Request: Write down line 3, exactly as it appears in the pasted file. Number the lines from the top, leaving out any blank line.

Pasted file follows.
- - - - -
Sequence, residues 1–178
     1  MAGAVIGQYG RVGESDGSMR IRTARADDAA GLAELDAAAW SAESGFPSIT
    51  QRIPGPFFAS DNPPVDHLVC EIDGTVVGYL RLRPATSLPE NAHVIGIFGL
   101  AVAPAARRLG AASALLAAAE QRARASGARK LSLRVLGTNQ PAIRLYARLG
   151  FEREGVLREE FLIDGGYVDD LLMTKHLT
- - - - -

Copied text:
    51  QRIPGPFFAS DNPPVDHLVC EIDGTVVGYL RLRPATSLPE NAHVIGIFGL